Summary: Work for the Church does not please Jesus unless we maintain our original motivation

Letter to the Church in Ephesus


I rarely dip into the Book of Revelation to preach because it is so difficult to understand and needs a lot of background to get a full picture of what John is saying.

But today I sensed the Lord telling me that I should change my strategy and take a look at the Seven Churches in Revelation Chapters 2 and 3.

Because in their own context they have something to tell us.

I would like us to look what is known as The Letters written to the Seven Churches in Asia as a series.

I believe that each Church has positives and negatives from which we can learn


The book of Revelation was written by the apostle John whilst he was banished to the island of Patmos in traditionally around AD 95 and 96.

The seven churches of Revelation are

1.) Ephesus Rev 2:1-7

2.) Symrna Rev. 2:8-11

3.) Pergamum Rev. 2:12-17

4.) Thyatira (pronounced Thy'at'ira) Rev. 2:18-29

5.) Sardis Rev. 3:1-6

6.) Philadelphia Rev.3:7-13

7.) Laodicea Rev. 3:14-22

All the churches are in about a 100-mile radius of each other.

They weren’t the only churches in the area but as William Barclay posits

“these churches might be regarded as centres of seven postal districts being all on a kind of ring road which circled the interior of the Province” of Asia (William Barclay The Daily Study Bible Revised Edition Vol 1 page 28)

There were clearly more churches in the area at the time.

From the New Testament itself we know of one in Colossae to which Paul addressed the letter to the Colossians.

And the church in Hierapolis is mentioned in the same letter (Col. 4:13)

Why seven.

Again Barclay persuasively suggests it is because John has a preference for seven as the perfect number.

Seven occurs 54 times in the book of Revelation and the ancient people considered it as the perfect number

(William Barclay The Daily Study Bible Revised Edition Vol 1 page 28)

1. The Church of Ephesus


So this morning I would like to look at the letter to the Church in Ephesus.

What do we know about Ephesus?

Of all the churches mentioned in Scripture, it is Ephesus that we know most about t.

In Acts 19 and 20 we read that Paul ministered there for three years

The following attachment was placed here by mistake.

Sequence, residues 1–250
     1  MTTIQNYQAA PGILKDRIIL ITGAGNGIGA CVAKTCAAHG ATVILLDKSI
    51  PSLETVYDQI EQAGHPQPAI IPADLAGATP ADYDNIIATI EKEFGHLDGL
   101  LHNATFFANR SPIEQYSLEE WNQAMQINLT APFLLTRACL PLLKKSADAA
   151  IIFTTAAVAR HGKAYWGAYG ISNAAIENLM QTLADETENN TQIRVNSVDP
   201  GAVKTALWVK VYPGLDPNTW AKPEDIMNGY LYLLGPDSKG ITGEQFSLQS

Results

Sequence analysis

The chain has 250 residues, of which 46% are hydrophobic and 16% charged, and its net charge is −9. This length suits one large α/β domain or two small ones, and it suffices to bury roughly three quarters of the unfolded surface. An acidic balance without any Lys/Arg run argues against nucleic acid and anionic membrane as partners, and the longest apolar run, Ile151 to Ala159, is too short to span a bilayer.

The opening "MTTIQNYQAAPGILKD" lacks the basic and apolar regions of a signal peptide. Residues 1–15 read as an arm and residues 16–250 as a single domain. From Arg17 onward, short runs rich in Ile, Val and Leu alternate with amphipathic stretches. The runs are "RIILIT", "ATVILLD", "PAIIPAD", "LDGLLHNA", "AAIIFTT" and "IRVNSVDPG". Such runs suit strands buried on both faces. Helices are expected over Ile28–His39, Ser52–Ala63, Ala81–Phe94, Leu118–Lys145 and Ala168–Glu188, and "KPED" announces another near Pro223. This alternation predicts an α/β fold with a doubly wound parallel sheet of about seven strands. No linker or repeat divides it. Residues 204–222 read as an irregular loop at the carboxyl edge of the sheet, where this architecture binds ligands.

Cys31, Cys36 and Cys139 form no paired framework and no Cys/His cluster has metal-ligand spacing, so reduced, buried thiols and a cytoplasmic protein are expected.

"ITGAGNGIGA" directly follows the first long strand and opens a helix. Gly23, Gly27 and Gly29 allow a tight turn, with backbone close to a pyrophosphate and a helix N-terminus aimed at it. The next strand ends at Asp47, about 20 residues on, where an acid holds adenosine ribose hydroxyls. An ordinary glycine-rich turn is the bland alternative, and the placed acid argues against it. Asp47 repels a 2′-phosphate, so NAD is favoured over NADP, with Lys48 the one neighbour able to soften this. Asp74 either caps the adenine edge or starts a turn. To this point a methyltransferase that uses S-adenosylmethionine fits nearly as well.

It is to the Church at Ephesus that Paul’s letter to the Ephesians is addressed

Also Paul’s two letters to Timothy were addressed to Timothy whom Paul had left in charge of things at Ephesus when Paul left.

2. The History of Ephesus

Ephesus was the commercial, political and religious centre of western Asia.

It was located at the mouth of two rivers, the Meander and the Cayster where they enter the Aegean Sea.

All the roads of the Cayster Valley converged on Ephesus and it had the deepest harbour in the Province

A Roman writer called Ephesus - Lumen Asiae – the Light of Asia.

Ephesus was known as the First and Greatest Metropolis of Asia and also the Market of Asia.

It was a free city too which meant within reason it was self-governing and was exempt from having Roman Troops quartered there

Ephesus wasn’t the capital of the Province – Pergamum was.

However Ephesus had such political power that it was laid down by Statute that when a new Roman Proconsul was appointed to the Province of Asia, he had to land at Ephesus to take up his office.

Like other cities in the Province of Asia, it was deeply religious and was home to the famous Temple of Diana (also called Artemis) the goddess of fertility.

Two temples were constructed to Diana over the years as well as three shrines.

The first Temple was started in about 550 BC, was dedicated in 430 BC and burnt down in 356 BC, on the day of Alexander the Great's birth, if tradition is to be believed.

The second Temple took more than thirty years to build and was completed in 323 BC and became known as one of the Seven Wonders of the Ancient World.

The Second Temple was the Temple that Paul and John would have known.

The Temple was so extravagant that the women of Ephesus sold their jewels to pay for it and kings presented columns, gifts of gold and furnishings of every kind.

And the Temple housed many temple prostitutes too

In addition, there was a real industry around the Temple producing silver shrines and other such things

We read in Acts 19:19 that Paul’s ministry was so powerful that all the believers, who had been reached by Paul's ministry

"who had practiced sorcery brought their scrolls together and burnt them publicly” The value of these was 50 000 drachmas. (Acts 19:19).

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